- Note that the front vinyl covers the lower mesh intake so the roof Radiator fans have been used as the intake – temps seemed fine when testing so we left it like this. We could always cut the vinyl at the front, remove the mesh, paint it brown and re-install it later.
- Reinstalled the top mesh (now green) and clear side window.
- Installed the Fractal Design Kelvin S24 and secured the excess hosing out of the way with some zip ties
- Installed 2 SSDs in the front panel
- Installed 3 hard drives in RAID in the right chamber of the case
- Installed some custom green cable extensions – not exactly the green I was looking for but they were still green.
- The cherry on top was the MSI limited edition NVIDIA Green GTX 960 Gaming 100 Million Edition. The green LED Logo in the top and green/black cooler shroud really worked.
At RESPAWN LAN, the gamers and sponsors all took an interest in this build over the others and a few people had to check to make sure it was actually a PC and not just a decorative box on the table. In terms of performance, the build showed that with a current model graphics card and a healthy overclock, it trades blows with current day Intel i5 processors and primarily shows its age when it comes to physics benchmarks. Thermally, the overclock was more manageable than our HASWELL i5-4670K overclock thanks to the efficient Fractal Design Kelvin S24. We used the S24 pump at a slower 7V rather than the 12V and the fans remained in the 700-800 RPM range for the whole day. Airflow wasn’t an issue and the Minecraft Tribute PC remained cool whilst smashing out some decent FPS in 1080p on titles other than Minecraft such as Battlefield 4, Battlefield Hardline, World of Warships Beta, Stranded Deep, Wolfenstein, Trackmania, Call of Duty : Advanced Warfare and H1Z1. Minecraft is a game that appeals to a very wide demographic and we found that the Minecraft Tribute PC drew more attention than our other showcase builds.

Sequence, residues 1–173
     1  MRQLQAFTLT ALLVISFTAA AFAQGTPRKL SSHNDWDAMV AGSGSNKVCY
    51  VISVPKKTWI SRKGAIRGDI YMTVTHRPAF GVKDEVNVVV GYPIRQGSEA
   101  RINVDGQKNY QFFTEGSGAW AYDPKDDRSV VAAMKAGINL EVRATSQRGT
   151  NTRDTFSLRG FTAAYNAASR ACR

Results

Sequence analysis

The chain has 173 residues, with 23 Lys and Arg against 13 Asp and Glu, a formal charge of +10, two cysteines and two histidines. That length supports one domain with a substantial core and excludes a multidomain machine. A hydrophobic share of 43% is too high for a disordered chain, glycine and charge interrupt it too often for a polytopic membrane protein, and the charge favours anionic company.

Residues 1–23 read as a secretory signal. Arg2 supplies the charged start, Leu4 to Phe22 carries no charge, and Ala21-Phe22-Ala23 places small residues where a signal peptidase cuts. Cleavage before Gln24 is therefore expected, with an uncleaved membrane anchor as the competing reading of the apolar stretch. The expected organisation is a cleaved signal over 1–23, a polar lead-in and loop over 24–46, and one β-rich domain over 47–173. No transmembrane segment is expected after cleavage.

We felt that this was a relatively straight forward cosmetic case mod without any serious structural changes. It certainly demonstrated the longevity of the Sandy Bridge i5-2500K CPU which was, and still is, one of the most memorable and impressive CPUs I’ve owned.